23. Mitchell Kilkenny (141 points, 15 ballots)
Thus far in his professional career, Mitchell Kilkenny has pitched well across three different levels after overcoming some injury adversity. The adversity in Kilkenny’s case came from a post-draft physical which discovered Colorado’s 2018 second rounder needed Tommy John surgery immediately. The 6’3” pitcher returned in time for a brief spell in rookie ball in 2019, then lost 2020 like almost every other prospect as the Rockies didn’t prioritize him for the alternate site despite his draft pedigree.
When drafted, Kilkenny (who will turn 25 next week) had the profile of a “pitchability righty” in scouting parlance. Basically, he lacked standout stuff but he possessed good command/polish and was likely to remain a starting option. Those are traits that bode well for success in the lower minors, and Kilkenny came through on that promise with a strong 2021 across two levels.
Kilkenny started out in Low-A Fresno in 2021, where he quickly proved in 31 innings over six starts of 1.45 ERA, 10.5 K/9 ball that he had mastered the level. After a mid-June promotion to High-A Spokane (where he was 0.8 years older than average), Kilkenny held his own but wasn’t as dominant. In 15 starts with Spokane, nine of them qualified as Quality Starts, indicating his ability to soak up innings and cruise. In all, Kilkenny threw 82 frames with a 3.95 ERA (4.45 xFIP), 1.15 WHIP, 7.9 K/9, and 1.9 BB/9. It was encouraging to see this success at a higher level, but pitchers with Kilkenny’s stuff profile should do well against less sophisticated batters.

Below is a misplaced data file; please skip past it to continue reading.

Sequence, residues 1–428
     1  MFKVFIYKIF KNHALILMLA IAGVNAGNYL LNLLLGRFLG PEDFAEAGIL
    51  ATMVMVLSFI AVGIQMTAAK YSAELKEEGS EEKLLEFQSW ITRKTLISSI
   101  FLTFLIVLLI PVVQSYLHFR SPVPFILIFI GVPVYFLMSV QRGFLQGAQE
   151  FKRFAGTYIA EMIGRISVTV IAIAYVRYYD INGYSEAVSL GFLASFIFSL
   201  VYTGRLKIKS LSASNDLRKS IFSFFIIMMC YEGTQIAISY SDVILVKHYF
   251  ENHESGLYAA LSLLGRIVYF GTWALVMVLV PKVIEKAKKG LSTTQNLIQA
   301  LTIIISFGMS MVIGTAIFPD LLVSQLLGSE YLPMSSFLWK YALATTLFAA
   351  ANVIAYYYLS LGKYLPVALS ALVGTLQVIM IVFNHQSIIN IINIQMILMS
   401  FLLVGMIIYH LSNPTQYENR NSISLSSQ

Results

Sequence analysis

Here’s some pre-draft video of Kilkenny courtesy of Perfect Game Baseball:
Kilkenny snuck onto the back of Keith Law’s top 20 system ranking for the Athletic in February:
Kilkenny can bump 96 mph with plus control, but his secondaries are fringy at best, and he might be better suited to short bursts where he can get more power to his slider. He’s enough of a strike-thrower that I could see someone taking him in the Rule 5 Draft, though.
FanGraphs placed Kilkenny as a prospect of note in January, saying only that Kilkenny “is a kitchen sink righty with plus command who sits about 88-91 mph”.
Obviously if Kilkenny’s fastball is closer to the 96 MPH cited by the Athletic than the 91 noted by FanGraphs, he’s a higher upside arm than previously thought, but those are the only crumbs we have about how Kilkenny is viewed by scouts. I liked Kilkenny’s starter utility and scouting blurbs enough to rank him 29th on my ballot as a 35+ FV prospect.
We know the Rockies haven’t prioritized Kilkenny highly thus far, as they didn’t add him to the 40-man roster after the season, nor in 2020 did they bring him to the alternative site. That written, the Rockies will have another year to observe Kilkenny after the cancellation of the Rule 5 draft, this time in the high minors where he will be able to prove his mettle against more advanced hitters.